Mission Beach to Cairns
Take the scenic route out of town along Alexander Drive and Bingil Bay Road before rejoining the highway, then take another short detour to Paronella Park at Mena Creek. Here you’ll find a heritage-listed concrete “castle”, built by a Spanish cane farmer in 1935, and surrounded by 5ha of rainforest. Take the 45-minute guided tour to learn the full fascinating history, and don’t miss seeing the stunning avenue of kauri trees.
Admire the view from above the canopy at Mamu Tropical Skywalk, located in Wooroonoon National Park, about 30 minutes from Paronella Park. Wander along the 350m-long elevated walkway through the rainforest canopy, and take in the view of the North Johnstone River Gorge from the 37m-high observation tower.
If you’re planning on visiting both Paronella Park and Mamu Tropical Skywalk, be sure to get the two-park discount pass.
Stop for a snack and a refuel in Innisfail: the rolls at Oliveri’s Continental Deli on Edith Street are legendary. On the corner of Edith and Glady Streets, you can pick up interpretive maps of the Innisfail Town Walk from the Innisfail Information Centre in ANZAC Memorial Park. The town is full of beautiful art deco buildings, many recently restored, coining the town as the “art deco capital of Australia”. The jewel of the crown is the Innisfail Shire Hall with geometrically-patterned Terrazzo floor tiles, sunburst mouldings and hexagonal lights in the ceiling and geometric balustrading.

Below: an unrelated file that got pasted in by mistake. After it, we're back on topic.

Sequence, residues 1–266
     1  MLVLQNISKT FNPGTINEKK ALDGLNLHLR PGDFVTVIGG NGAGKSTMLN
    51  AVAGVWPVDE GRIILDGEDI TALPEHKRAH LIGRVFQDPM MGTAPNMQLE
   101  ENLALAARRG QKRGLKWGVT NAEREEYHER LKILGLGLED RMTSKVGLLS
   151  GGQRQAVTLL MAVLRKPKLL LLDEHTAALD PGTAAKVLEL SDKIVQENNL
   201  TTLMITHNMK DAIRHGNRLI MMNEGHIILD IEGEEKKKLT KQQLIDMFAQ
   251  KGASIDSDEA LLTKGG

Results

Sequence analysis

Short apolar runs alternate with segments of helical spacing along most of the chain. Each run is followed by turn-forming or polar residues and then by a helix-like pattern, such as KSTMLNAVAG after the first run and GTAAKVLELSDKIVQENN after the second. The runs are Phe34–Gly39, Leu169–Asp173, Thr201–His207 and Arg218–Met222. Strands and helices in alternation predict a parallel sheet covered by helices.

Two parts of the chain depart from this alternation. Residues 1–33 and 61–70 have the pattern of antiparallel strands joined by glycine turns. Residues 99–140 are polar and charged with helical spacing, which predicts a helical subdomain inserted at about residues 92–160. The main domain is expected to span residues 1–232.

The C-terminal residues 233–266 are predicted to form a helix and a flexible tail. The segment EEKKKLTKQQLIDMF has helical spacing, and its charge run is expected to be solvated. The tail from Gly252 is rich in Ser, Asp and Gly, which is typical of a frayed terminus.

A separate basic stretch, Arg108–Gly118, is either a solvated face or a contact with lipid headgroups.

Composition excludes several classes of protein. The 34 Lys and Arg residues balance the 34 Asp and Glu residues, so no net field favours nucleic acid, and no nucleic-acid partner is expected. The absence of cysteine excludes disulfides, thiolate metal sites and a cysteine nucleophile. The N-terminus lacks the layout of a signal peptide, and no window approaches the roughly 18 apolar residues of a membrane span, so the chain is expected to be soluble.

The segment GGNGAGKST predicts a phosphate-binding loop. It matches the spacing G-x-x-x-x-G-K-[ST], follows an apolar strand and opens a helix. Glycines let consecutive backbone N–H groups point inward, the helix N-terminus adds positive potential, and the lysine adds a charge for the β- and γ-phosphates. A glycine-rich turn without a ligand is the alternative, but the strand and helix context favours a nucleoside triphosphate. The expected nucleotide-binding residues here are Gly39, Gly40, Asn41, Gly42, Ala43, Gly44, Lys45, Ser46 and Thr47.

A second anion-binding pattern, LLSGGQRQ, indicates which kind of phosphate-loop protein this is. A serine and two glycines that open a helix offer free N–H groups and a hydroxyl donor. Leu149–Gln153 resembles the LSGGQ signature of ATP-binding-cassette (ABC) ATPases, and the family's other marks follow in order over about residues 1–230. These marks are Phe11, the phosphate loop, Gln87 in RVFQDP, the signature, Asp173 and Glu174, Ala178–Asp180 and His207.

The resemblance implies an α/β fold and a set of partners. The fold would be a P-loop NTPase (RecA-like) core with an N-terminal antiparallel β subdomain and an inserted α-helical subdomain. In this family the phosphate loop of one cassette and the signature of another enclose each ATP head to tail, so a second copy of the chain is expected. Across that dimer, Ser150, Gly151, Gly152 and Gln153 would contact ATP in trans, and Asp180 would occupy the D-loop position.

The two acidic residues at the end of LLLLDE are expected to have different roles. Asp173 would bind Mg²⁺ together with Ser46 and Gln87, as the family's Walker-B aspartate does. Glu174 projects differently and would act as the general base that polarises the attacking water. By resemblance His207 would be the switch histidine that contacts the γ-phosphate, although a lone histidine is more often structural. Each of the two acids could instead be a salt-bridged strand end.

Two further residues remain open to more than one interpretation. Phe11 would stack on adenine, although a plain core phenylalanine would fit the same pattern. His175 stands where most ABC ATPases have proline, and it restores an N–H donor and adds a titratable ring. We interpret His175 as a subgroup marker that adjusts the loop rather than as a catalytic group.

Drive another 30 minutes to Babinda, a cute little town sitting in the shadow of Mt Bartle Frere. If it’s warm, the Babinda Boulders – a freshwater swimming hole dotted with huge, smooth granite rocks – is a beautiful spot for a refreshing afternoon dip before driving the final leg (about an hour) north to Cairns.
Optional Detour – Etty Bay
If you missed seeing a cassowary in the rainforests of Mission Beach, take a detour to Etty Bay, 15 minutes south of Innisfail. Known as one of North Queensland’s most scenic beaches, Etty Bay is often patrolled by cassowaries and their chicks in the late afternoon and early morning. The beach is also patrolled by surf lifesavers and is a lovely spot for a swim or fish.
Optional Detour – Behana Gorge & Walshs Pyramid
You know you’re getting close to Cairns when you see the pointed peak of Walshs Pyramid approaching. “The Pyramid” as locals call it, marks the entrance to Behana Gorge Road which leads you to the trailhead for Behana Gorge, a 7.4km return walk to a beautiful waterfall and pristine swimming hole.
For those not so active or shorter on time, Behana Gorge Road offers some of the best vistas of the 922m natural pyramid.
Take a little longer...
Spend some time and explore the beautiful attractions off the Cassowary Coast